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About five months ago I shared on our blog a dissertation titled “The Self-Attestation of Scripture as the Proper Ground for Systematic Theology” that was completed at Southern Seminary.  Personally I find the self-attestation of Scripture to be a fascinating doctrine that has tremendous implications for how we do theology, counsel believers, evangelize non-believers and present an apologetics to those who ask for the reason for the hope that we have.

Today I want to share a thesis that was completed for a Masters of Arts that was completed over at Reformed Theological Seminary.  It is titled “The Self-Attesting Nature of the New Testament Canon” and written by John Gordon Duncan.  Duncan takes the approach of exploring how the self-attesting nature of Scripture has its contribution towards the canonicity discussion.  In his introduction he writes the following summary:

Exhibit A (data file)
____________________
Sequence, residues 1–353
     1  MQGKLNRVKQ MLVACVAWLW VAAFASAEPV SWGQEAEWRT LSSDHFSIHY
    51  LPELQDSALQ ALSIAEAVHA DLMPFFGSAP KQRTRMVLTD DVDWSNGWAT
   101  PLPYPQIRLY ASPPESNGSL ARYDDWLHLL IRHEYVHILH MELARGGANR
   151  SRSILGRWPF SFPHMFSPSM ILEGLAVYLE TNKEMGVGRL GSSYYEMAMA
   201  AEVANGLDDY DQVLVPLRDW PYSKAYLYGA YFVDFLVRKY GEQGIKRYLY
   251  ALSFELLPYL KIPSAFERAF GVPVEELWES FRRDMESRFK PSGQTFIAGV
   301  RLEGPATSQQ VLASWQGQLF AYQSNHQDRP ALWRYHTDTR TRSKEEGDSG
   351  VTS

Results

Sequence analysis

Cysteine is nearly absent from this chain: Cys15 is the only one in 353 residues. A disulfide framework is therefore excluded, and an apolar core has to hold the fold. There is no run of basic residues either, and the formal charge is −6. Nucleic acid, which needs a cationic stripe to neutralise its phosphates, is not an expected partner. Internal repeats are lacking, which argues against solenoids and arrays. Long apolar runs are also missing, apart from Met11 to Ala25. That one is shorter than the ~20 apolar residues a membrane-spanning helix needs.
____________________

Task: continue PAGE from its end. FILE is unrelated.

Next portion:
For the purposes of this paper, the canonization of the New Testament will be explored by examining the subject of criteria, including the early Fathers’ perception of scripture, inspiration, and apostolicity, with an emphasis on the self-authenticating nature of the New Testament. By taking a self-authenticating approach, such language as Eugene Ulrich uses when he talks of, “the historical development by which the oral and written literature…was handed on, revised, and transformed into the scriptures,”9 will be avoided. The scriptures were handed down. However, a revision or transformation from letter to scripture cannot be supported. Once that fact is established, this paper will offer a summary of the various lists and collections that led to the recognition in the late fourth century that the canon was closed.

For the PDF of this thesis click HERE.

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Mark Grant Osborne

Grant Osborne. Mark.  Grand Rapids, MI: Baker Books, 2014. 352 pp.